Consumers and others can identify the recalled yellowfin tuna by looking for the following label information:
- 8-ounce frozen yellowfin tuna steaks from Sustainable Seafood Company in individually vacuum packed bags with the production date code of 627152, lot number 166623 and expiration date of 2018-10-01; and
- 15-pound cases of frozen yellowfin tuna cubes from Santa Cruz Seafood, individually vacuum packed, with the date code 705342, lot number 173448 and expiration date of 2019-04-01.
The FDA is collecting additional frozen tuna samples and increasing its screening measures and testing for imported seafood for these companies, according to the agency’s notice.
Advice for consumers
Anyone who has eaten any of the recalled tuna and developed signs of Hepatitis A infection should seek medical attention and tell their doctors about the possible exposure so the proper diagnostic tests can be performed. Symptoms in adults include fatigue, abdominal pain, jaundice, abnormal liver tests, dark urine, and pale stool. People with Hepatitis A may not have symptoms until 15 to 50 days after consuming a contaminated food or drink.
The virus is a contagious liver disease that can range in severity from a mild illness lasting a few weeks to a severe illness lasting several months. Hepatitis A can be spread when a person ingests the virus from contaminated food or water. The virus can also be easily passed from an infected person to other unvaccinated family members, sexual partners, and close contacts, according to the CDC.
Anyone who consumed the recalled tuna in the past two weeks still has time to seek post-exposure treatment if they have not previously been vaccinated against Hepatitis A.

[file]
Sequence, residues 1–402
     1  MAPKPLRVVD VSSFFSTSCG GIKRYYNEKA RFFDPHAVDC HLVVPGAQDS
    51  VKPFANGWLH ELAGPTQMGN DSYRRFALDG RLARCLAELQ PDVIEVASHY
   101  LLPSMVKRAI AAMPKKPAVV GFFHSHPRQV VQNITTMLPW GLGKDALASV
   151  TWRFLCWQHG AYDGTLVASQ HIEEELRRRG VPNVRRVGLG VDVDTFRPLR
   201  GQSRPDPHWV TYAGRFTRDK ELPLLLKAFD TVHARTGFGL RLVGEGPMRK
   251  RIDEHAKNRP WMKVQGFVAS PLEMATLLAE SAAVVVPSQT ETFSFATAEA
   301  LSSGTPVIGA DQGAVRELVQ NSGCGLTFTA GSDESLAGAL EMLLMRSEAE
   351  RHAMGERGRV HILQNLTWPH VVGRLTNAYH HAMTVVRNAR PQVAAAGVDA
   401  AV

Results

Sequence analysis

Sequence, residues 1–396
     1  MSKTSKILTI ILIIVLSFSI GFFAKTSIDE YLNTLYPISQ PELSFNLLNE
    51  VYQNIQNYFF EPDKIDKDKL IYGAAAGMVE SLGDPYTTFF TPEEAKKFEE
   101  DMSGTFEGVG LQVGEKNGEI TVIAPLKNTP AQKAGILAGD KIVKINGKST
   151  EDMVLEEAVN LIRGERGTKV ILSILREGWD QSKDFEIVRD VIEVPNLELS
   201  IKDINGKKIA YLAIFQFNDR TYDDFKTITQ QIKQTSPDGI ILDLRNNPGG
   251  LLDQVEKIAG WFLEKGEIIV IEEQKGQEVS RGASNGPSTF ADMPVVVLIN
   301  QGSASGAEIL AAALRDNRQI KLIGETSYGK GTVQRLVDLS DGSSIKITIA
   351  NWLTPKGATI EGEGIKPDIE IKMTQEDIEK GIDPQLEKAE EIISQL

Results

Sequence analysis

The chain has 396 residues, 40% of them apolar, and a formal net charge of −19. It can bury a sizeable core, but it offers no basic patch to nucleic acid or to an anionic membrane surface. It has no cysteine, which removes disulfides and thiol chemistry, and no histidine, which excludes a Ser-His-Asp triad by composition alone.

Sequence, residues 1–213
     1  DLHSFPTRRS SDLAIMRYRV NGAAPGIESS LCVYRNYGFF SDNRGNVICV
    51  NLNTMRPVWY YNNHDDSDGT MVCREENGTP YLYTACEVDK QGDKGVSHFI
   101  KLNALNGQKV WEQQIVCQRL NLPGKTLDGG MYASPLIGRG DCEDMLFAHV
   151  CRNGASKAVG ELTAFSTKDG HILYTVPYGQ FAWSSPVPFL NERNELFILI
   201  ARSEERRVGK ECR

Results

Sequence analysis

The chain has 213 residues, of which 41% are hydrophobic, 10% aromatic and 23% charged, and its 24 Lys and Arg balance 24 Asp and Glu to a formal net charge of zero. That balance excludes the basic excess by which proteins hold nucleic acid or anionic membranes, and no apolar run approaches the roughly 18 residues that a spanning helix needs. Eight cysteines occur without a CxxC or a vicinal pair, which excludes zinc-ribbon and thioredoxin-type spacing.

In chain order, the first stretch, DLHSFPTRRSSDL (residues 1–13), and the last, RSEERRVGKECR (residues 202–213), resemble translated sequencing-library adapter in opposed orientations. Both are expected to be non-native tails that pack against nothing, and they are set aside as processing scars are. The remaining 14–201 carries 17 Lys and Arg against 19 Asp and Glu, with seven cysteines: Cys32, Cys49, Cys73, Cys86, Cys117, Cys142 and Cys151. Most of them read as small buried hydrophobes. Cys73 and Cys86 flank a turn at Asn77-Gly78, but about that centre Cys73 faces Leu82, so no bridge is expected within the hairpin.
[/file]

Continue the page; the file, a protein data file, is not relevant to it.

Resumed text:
“If you are unsure if you have been vaccinated against hepatitis A virus, contact your health professional to check your immunization records. If you have been vaccinated, no further action is needed. If you are unable to determine whether you have already been vaccinated, receiving an additional dose of vaccine is not harmful,” according to the FDA notice.
“PEP offers no preventive benefit to persons whose exposure occurred more than two weeks ago. People who have consumed this fish fully cooked are at reduced risk of exposure, but are encouraged to consult with their medical professionals.
Advice for retailers, restaurants, etc.
If any businesses served any recalled product within the past two weeks, they should contact their local health department and wherever possible, notify their customers about possible exposure to Hepatitis A virus and the potential benefit of post-exposure prophylaxis, the FDA advised in its notice.
In the event that retailers and/or other retail locations are found to have handled recalled or other potentially contaminated food in their facilities, FDA advises they should:
- Wash and sanitize display cases and refrigerators where potentially contaminated products were stored.
- Wash and sanitize cutting boards, surfaces, and utensils used to prepare, serve, or store potentially contaminated products.
- Wash hands with hot water and soap following the cleaning and sanitation process.
Retailers, restaurants, and other food service operators who have processed and packaged any potentially contaminated products need to be concerned about cross contamination of cutting surfaces and utensils through contact with the potentially contaminated products.